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HHH Knives
09-29-2011, 06:11 PM
Most of you know I am a BURL junky and have a almost abnormal obsession for these beautiful pieces of wood!

But theres another material that really makes me happy and makes a amazing knife. Its Mammoth Ivory. These pieces you see me use on our knives are ancient fossils from 10s of thousands of years ago. These Giant animals roamed the earth some 50000 thousand years ago. Then at some point.. They became extinct.

The fossil and bones and stuff are found throughout the world. They even found 2 full skeletons here in my town a few years back when digging a foundation for a house. I didnt get any of that one, lol But you can bet if I could of I would of!

The ivory is often colored. This is from the minerals and stuff around the animals when they fall. Thousands of years later the Ivory soaked up these minerals changing the color.. The colors in the Ivory can range from almost pure white to tan or browns.. With the outer part, often referred to as Bark. The Bark can be any number of colors.. But can range from Black to tan and gold and every color hue in between. Its really quite unique and amazing stuff! Some of the most beautiful and rare colors are would probably be Blue and Green.. But they all are quite cool in my opinion!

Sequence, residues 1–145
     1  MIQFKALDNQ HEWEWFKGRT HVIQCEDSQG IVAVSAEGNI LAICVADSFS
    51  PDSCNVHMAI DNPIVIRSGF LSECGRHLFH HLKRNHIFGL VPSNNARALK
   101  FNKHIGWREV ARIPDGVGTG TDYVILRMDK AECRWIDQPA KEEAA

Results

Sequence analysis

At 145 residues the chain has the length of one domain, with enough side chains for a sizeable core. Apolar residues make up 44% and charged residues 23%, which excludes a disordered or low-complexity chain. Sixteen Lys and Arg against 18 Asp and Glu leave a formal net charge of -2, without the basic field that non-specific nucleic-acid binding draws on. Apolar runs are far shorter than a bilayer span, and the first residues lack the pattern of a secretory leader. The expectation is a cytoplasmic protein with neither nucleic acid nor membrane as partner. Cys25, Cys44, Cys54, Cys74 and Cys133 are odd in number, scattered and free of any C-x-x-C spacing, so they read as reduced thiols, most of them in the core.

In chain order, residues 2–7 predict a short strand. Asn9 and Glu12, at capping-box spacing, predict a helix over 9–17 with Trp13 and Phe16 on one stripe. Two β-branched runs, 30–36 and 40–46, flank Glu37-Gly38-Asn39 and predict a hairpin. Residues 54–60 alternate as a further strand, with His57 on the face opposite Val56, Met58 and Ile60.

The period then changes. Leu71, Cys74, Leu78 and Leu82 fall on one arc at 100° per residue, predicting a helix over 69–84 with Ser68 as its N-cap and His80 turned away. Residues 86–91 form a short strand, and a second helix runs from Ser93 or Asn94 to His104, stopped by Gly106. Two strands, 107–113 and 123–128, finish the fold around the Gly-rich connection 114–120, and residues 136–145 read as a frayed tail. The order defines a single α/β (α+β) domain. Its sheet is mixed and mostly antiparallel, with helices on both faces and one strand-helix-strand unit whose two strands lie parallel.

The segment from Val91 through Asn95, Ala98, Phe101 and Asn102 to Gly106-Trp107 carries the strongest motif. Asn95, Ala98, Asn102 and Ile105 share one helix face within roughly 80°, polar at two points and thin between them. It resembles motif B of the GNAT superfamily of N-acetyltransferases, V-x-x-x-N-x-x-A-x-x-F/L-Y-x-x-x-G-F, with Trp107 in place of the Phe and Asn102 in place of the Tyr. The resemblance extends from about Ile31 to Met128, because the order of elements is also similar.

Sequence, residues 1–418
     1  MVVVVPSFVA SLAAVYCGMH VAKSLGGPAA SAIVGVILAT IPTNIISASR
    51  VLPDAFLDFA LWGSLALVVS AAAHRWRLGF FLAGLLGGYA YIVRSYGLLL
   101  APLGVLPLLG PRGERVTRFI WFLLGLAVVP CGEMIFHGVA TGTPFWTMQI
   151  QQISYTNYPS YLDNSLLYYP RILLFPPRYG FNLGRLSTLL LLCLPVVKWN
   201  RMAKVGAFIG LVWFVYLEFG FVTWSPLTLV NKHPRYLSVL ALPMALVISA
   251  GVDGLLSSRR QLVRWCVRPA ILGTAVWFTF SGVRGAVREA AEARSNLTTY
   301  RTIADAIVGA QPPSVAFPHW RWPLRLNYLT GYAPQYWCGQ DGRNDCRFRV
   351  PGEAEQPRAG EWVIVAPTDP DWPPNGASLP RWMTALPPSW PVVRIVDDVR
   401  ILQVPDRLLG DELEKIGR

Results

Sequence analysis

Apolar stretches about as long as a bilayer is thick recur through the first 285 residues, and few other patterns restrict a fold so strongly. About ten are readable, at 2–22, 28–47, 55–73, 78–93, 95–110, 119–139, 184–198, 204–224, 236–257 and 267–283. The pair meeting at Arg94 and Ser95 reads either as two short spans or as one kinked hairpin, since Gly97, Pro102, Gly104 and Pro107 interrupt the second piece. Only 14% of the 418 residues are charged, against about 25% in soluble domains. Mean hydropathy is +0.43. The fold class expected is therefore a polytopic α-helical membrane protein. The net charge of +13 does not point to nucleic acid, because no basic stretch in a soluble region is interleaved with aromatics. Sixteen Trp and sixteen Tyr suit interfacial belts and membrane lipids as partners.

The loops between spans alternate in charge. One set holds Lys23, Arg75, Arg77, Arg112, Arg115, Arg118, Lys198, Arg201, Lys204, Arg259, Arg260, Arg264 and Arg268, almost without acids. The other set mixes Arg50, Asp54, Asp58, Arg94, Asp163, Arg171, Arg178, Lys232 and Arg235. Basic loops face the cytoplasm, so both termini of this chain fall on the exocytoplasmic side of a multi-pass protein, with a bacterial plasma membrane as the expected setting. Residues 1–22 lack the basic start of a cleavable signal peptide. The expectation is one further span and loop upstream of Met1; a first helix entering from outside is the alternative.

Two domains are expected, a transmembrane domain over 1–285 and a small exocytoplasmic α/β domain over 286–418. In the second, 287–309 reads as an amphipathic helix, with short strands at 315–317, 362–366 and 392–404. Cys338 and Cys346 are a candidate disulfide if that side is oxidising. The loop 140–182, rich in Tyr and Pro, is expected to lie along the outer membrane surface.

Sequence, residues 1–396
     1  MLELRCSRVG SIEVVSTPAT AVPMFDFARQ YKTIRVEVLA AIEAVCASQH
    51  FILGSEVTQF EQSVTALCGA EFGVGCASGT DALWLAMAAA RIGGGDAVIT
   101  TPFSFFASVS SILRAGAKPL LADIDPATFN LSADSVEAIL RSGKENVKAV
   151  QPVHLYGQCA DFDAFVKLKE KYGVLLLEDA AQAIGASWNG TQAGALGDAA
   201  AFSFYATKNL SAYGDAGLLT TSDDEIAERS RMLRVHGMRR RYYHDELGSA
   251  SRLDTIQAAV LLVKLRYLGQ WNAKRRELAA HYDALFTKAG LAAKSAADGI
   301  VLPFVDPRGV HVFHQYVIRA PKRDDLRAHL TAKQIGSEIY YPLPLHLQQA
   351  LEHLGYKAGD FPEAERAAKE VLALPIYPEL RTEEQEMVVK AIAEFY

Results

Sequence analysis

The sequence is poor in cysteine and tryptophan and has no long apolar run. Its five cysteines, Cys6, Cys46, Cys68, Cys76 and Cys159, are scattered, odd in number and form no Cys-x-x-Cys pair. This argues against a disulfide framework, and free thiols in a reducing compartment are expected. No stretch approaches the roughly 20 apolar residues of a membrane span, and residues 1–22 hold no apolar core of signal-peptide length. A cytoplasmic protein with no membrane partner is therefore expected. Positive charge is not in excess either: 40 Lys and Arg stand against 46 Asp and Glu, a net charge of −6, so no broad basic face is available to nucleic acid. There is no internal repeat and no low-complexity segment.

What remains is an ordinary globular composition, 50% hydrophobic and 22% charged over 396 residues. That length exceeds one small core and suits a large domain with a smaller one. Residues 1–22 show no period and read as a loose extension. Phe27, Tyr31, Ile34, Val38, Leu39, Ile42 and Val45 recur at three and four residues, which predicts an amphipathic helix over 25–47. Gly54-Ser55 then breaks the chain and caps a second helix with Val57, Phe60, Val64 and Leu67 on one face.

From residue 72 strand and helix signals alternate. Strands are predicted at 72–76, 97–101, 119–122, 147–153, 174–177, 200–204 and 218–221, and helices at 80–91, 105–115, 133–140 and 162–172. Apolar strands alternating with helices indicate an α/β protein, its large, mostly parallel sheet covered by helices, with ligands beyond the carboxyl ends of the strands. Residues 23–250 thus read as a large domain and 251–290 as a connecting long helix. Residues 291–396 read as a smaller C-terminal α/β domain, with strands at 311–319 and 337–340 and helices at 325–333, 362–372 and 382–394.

Every once in a while I score something special.. This ivory just arrived at my place yesterday!! Im Stoked. Its some of the finest quality mammoth tusk I have ever seen. Super solid and almost white to cream color insides. With the outer bark a nice brown and golden tan color.. Its very solid with great character highs and lows. similar to stag horn. these are called fissures I think.
The material is very stable and dense and the solid insides part, polish like glass. Where the outsides often are left smooth and buffed but with as much of the color and texture as possible!! I have not made a kitchen knife yet with a ivory handle and hope to at some point.. This piece should make as many as 8 sets of knife scales and many smaller cut off pieces to use as spacers and end caps etc. :)

I guess Thats about enough of my babbling!! Thanks for looking and if anyone has any comments or questions, Ill do my best to answer.

Here are some pics of that chunk I just scored. Its over 6" long and is about 5" across and 2" thick..

http://www.kitchenknifeforums.com/attachment.php?attachmentid=1826&d=1317333927

http://www.kitchenknifeforums.com/attachment.php?attachmentid=1823&d=1317333910

http://www.kitchenknifeforums.com/attachment.php?attachmentid=1824&d=1317333917